breaking news

Speedway, major Clark County employer, raises $2.5M at charity event

Area sees growth in shale jobs


Job growth to serve Ohio’s emerging shale natural gas industry is stronger percentage-wise in the Dayton region than any other part of the state, figues released by the Ohio Department of Job and Family Services show.

The employment figures cover the time period from the fourth quarter of 2011 until the fourth quarter of 2012.

It shows statewide employment in core shale drilling industries such as pipeline construction and well drilling rose by 1,310 jobs, or 17.7 percent.

For the Dayton region covered by the Dayton Development Coalition, core industry job growth rose 42.6 percent, from 94 in the fourth quarter of 2011 to 134, or 40 jobs, by the fourth quarter of 2012.

Ancillary industries in Dayton such as freight trucking and environmental consulting showed lower percentage growth, but more jobs - a rise of 1.1 percent from 15,410 to 15,587, or 177 jobs by the fourth quarter of 2012.

Chris Kershner, Vice President for Public Policy & Economic Development for the Dayton Chamber of Commerce, said Thursday that strong growth is being reported by local architectural, engineering and construction firms.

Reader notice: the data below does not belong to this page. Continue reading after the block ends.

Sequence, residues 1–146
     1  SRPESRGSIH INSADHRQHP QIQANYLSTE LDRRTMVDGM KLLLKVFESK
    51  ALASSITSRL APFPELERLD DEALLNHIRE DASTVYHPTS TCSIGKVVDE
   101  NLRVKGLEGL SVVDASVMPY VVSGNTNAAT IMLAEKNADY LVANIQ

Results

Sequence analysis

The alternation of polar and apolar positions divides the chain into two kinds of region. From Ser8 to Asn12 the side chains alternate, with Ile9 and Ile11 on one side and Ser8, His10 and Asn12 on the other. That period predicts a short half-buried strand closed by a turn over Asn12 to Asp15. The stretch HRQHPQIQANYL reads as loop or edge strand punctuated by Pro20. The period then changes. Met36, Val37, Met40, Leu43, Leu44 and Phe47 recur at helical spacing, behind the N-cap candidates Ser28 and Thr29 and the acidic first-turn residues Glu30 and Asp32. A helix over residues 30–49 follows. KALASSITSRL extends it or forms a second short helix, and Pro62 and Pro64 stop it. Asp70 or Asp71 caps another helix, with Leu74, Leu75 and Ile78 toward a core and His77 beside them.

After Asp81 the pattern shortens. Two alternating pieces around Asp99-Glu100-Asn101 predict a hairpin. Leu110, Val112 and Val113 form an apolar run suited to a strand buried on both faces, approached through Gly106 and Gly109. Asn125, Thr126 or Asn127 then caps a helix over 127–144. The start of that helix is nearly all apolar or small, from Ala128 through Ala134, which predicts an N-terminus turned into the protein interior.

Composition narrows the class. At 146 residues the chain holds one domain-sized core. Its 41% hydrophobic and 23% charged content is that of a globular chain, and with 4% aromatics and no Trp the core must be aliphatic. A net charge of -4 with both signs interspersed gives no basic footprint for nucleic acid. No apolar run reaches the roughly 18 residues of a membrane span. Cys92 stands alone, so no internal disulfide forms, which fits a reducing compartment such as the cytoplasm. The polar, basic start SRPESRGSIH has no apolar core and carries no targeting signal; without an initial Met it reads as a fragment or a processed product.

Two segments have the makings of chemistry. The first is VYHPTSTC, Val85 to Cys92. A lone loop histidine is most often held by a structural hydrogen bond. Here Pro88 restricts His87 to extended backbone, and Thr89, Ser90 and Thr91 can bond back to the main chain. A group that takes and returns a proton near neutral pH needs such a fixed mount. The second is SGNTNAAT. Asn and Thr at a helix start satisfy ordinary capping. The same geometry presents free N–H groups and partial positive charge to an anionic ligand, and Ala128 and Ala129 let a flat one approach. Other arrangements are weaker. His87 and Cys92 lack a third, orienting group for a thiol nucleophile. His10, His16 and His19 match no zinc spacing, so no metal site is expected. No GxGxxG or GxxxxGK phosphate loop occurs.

For example, he said, construction firm Kelchner of Springboro is opening up new offices in the eastern portion of the state to accommodate the new work. Shale drilling legal work for local firms is also picking up, he added.

“Obviously, our businesses have found success,” Kershner said. “Dayton is earning a reputation across the state as a major player in the natural gas industry.”

The average wage in core shale-related industries was $76,643, ODJFS said, which was $32,401 greater than the average for all industries. In the second quarter of 2013, the shale industry offered 6,052 online job postings, ODJFS said.

Late last year, a study by IHS said that unconventional oil and gas drilling employs 1.7 million and will grow to three million jobs by the end of the decade.



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